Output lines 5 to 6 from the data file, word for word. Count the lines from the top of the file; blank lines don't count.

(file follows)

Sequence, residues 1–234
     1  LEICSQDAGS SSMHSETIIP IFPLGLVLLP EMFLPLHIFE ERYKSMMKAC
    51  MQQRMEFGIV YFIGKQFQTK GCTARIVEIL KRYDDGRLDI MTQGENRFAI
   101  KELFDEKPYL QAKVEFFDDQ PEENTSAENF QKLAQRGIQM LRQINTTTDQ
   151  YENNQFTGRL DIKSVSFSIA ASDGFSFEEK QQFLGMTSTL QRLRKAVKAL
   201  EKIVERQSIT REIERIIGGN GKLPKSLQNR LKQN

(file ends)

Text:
   151  YENNQFTGRL DIKSVSFSIA ASDGFSFEEK QQFLGMTSTL QRLRKAVKAL
   201  EKIVERQSIT REIERIIGGN GKLPKSLQNR LKQN